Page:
Competition Commission of Singapore raises competition concerns on proposed merger between maritime products suppliers
The Competition Commission of Singapore (“CCS”) has completed its Phase 1 review of the proposed acquisition by Wilhelmsen Maritime Services AS (“WMS”) of sole control over Drew Marine’s technical solutions, fire, safety and rescue businesses. WMS and DMTS overlap in the supply of marine chemicals (cleaning chemicals, water treatment chemicals and fuel oil treatment chemicals), marine gases (welding gases and refrigerant gases) and marine welding equipment, CCS said in its press release.
On 10 August 2017, WMS applied for a decision by CCS on whether the Proposed Transaction would infringe the prohibition in the Competition Act (Cap. 50B) against anti-competitive mergers.
CCS has raised competition concerns with WMS on the Proposed Transaction, based on information furnished by WMS and DMTS, and third-party feedback from customers and other suppliers during the Phase 1 review. In particular, the Parties are two of the largest players that possess extensive global networks of end-to-end distribution and ancillary services for the provision of chemicals, gases and equipment to the marine sector, and appear to be each other’s closest competitors.
Alternative suppliers may face difficulty achieving sufficient geographic scale to be viable alternative sources of supply and to exert sufficient competitive pressure on the merged entity post-merger, especially for customers that procure on a global basis. The Proposed Transaction may therefore substantially lessen competition in the supply of these products in Singapore, and may lead to price increases, deterioration in quality of products and/or service levels.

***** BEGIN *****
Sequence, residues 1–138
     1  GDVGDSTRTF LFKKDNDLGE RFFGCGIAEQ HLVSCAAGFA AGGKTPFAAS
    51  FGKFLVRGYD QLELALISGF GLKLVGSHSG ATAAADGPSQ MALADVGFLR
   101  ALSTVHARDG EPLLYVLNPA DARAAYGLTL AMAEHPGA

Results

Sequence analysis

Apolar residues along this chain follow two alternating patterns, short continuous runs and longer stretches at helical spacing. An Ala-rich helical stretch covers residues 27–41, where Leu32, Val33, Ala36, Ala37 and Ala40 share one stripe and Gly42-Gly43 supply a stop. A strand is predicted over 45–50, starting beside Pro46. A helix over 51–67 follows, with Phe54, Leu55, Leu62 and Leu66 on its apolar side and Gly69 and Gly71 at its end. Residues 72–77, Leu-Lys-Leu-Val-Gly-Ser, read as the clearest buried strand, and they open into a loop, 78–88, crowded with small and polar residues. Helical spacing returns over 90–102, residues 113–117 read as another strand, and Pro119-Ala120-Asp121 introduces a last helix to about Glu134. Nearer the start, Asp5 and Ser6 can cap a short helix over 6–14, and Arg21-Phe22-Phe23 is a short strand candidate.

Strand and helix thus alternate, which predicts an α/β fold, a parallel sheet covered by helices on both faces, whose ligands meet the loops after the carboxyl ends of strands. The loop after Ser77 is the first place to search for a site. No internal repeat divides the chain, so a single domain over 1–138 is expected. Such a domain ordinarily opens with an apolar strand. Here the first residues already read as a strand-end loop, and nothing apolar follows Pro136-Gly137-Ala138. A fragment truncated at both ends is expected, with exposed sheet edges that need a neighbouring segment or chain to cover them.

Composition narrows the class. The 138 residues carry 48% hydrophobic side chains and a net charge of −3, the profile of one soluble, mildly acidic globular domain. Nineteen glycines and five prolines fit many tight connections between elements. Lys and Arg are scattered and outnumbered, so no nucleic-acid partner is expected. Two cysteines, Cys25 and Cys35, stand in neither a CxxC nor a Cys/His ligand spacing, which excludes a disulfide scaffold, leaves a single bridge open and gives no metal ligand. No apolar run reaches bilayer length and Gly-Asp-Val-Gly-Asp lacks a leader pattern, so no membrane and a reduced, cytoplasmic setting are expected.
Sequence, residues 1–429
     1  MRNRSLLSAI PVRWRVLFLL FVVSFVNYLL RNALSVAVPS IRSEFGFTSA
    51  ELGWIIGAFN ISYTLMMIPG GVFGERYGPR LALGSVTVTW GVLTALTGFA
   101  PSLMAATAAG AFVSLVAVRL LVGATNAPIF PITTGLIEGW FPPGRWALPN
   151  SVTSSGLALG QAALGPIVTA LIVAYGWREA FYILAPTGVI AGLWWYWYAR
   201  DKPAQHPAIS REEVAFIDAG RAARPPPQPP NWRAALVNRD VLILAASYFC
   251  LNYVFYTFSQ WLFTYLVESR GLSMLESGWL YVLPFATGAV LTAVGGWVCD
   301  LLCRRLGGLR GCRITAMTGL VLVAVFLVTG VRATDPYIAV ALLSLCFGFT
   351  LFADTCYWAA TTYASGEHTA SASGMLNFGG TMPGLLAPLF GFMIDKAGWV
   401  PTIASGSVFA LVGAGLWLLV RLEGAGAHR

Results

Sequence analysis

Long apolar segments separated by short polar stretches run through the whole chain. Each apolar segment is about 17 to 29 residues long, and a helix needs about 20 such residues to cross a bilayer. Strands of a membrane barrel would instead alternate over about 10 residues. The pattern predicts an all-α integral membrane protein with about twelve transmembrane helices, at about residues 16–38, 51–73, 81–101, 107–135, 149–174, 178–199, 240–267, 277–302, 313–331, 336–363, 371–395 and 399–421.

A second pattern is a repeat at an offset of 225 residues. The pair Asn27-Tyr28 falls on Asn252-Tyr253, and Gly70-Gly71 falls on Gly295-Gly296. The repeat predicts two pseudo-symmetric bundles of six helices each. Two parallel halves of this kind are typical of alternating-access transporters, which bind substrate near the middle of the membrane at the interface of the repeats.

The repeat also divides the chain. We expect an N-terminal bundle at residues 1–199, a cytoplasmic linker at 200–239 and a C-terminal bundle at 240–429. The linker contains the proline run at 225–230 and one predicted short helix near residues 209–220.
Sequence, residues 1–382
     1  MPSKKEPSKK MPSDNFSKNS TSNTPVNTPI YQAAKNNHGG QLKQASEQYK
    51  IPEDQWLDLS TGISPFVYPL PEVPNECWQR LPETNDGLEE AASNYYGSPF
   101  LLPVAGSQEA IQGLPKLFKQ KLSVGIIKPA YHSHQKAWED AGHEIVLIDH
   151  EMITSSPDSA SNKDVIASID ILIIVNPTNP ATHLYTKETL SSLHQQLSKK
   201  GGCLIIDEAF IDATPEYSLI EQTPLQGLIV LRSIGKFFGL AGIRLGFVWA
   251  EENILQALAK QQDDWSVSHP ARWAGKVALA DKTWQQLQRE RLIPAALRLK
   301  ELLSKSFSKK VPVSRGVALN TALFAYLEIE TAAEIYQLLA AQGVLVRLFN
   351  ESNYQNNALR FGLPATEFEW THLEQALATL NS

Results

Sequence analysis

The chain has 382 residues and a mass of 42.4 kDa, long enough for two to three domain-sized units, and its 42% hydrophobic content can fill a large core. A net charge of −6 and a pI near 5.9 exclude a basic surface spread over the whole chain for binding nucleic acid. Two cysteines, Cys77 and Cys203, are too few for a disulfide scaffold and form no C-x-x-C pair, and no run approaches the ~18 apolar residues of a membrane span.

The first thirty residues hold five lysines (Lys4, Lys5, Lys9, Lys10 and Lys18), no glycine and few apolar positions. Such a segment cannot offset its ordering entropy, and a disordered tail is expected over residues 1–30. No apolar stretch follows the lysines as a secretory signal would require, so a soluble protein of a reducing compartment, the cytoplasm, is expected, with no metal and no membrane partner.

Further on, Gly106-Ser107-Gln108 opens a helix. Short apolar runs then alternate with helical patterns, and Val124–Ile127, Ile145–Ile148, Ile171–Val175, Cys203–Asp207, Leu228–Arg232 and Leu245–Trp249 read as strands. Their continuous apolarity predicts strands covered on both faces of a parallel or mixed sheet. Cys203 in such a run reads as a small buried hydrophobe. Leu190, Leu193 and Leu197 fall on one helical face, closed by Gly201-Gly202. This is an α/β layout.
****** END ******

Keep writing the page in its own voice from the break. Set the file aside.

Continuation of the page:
At this stage, the Parties may accordingly offer commitments to address the potential competition concerns that may arise as a result of the Proposed Transaction, or the merger will proceed to a detailed Phase 2 review upon CCS’s receipt of the relevant documents from WMS. Commitments may also be offered at any time during a Phase 2 review.
A Phase 1 review entails a quick review and allows merger situations which do not raise competition concerns under the section 54 prohibition to proceed. CCS expects to complete a Phase 1 review within 30 business days. By the end of this period, CCS will determine whether to issue a favourable decision and allow the merger situation to proceed. If CCS is unable, at the end of the 30-day period, to conclude that the merger situation will not result in a substantial lessening of competition, CCS will inform the merger parties and the merger parties may file Form M2. Upon receipt of Form M2, CCS will proceed to a Phase 2 review.
A Phase 2 review entails a more detailed and extensive examination of the merger situation. While the principles of substantive assessment are the same, CCS will require access to more extensive and detailed information regarding the merger parties and the markets in question.
As the Phase 2 review is more complex, CCS will endeavour to complete a Phase 2 review within 120 business days.
Section 60A of the Act states that CCS may, at any time before making a decision as to whether the section 54 prohibition has been or will be infringed, accept commitments that remedy, mitigate or prevent the substantial lessening of competition or any adverse effect arising from the merger situation. Where CCS has accepted a commitment, CCS will make a favourable decision. Further details can be found in the CCS Guidelines on Merger Procedures 2012.